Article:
Profamilia Colombia: “Two of the biggest reasons for Profamilia’s success is that the entire country knows and trusts our brand, and Profamilia’s knowledge of the market and needs of the users,” said Marta Royo, executive director of Profamilia. “We have focused on developing a dedicated sales force that goes beyond the sale of a product, and adds personal attention. Finally, we have implemented a rigorous management of the social marketing process: This means recruiting professional and specialized talent, acquiring tools and innovative technologies, including a system of online information that allows us to follow daily figures and make quick and timely decisions.”
DKT, PSI and MSI all have big plans for future growth: DKT aims to deliver 28 million CYPs this year. PSI has a goal of achieving 105.6 million CYPs in the period 2012-2016. This is a 30% increase over the previous five years and PSI expects to exceed this target in 2016 based on performance to date. MSI is looking to triple its impact by 2020, with a particularly focus on what it calls “high impact” CYPs, a measure which evaluates the organization’s reach to the most underserved populations.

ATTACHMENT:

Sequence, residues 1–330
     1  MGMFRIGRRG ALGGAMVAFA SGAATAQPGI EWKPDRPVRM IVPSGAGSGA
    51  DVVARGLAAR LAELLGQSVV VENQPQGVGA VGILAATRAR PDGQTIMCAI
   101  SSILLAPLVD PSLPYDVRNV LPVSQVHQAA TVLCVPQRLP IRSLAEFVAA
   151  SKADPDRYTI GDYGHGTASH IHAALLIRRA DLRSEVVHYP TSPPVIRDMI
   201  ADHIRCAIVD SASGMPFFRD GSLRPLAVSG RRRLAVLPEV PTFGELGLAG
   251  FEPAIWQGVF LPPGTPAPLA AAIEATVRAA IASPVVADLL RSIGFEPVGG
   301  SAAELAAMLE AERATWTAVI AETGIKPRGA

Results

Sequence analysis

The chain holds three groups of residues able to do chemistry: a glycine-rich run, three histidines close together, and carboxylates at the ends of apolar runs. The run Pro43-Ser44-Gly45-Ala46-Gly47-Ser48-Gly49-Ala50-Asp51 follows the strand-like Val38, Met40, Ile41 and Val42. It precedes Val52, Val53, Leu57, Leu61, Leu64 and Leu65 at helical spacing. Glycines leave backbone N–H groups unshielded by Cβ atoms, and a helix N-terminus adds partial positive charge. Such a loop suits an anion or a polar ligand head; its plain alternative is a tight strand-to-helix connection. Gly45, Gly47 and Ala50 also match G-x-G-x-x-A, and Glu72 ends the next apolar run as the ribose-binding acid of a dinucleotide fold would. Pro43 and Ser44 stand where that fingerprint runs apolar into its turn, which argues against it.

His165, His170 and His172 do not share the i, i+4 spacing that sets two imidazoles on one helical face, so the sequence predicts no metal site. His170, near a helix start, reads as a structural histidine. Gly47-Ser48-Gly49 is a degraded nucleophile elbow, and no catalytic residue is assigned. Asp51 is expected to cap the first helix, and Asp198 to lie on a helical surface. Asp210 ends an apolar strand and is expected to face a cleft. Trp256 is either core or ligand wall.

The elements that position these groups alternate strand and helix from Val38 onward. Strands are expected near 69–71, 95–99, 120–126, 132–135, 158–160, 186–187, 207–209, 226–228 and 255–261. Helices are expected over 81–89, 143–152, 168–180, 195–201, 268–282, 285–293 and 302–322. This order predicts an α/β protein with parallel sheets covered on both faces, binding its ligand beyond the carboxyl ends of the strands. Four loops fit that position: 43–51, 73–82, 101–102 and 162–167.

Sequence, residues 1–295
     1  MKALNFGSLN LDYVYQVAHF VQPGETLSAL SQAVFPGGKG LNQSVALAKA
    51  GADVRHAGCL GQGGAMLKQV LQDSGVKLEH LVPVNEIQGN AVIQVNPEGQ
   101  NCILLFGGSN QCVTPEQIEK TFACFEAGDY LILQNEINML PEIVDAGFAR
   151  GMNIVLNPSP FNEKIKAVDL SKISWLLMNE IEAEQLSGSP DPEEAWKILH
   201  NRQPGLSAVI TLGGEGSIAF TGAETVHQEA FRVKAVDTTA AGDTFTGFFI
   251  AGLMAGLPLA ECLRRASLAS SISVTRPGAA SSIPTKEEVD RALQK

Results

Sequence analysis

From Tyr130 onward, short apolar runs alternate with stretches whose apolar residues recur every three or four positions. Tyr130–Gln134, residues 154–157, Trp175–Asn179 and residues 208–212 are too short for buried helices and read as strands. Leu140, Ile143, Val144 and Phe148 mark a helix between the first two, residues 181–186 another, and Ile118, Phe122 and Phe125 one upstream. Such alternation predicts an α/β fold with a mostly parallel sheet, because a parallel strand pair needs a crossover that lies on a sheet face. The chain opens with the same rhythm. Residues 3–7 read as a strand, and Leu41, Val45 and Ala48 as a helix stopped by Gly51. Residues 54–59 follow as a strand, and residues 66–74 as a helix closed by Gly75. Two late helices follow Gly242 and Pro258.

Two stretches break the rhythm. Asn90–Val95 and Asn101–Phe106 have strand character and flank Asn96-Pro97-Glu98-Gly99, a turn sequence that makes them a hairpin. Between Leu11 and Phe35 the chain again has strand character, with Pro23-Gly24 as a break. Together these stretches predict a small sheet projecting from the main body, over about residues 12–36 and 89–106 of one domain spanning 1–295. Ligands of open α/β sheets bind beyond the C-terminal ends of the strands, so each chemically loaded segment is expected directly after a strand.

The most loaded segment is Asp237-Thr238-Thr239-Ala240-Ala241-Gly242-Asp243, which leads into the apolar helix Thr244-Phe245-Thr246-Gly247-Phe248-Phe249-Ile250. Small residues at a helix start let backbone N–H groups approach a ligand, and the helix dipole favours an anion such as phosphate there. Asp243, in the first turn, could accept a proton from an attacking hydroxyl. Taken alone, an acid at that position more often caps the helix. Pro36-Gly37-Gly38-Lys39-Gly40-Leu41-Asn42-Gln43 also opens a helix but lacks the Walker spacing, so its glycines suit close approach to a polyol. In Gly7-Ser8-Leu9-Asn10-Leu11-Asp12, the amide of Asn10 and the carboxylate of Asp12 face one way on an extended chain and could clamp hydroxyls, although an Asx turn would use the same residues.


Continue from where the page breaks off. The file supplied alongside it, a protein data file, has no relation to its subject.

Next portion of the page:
NOTE: For this report, DKT International calculates a couple year of protection as equivalent to 100 sold condoms, 200 free condoms, 14 pill cycles, 4 three-month injectables, 6 two-month injectables, 12 one-month injectables, 20 female condoms, 14 emergency contraceptives, .33 implants, .25 intrauterine devices, .59 doses of medical abortion, .0208 manual vacuum aspiration kits and 16 Misopostrol.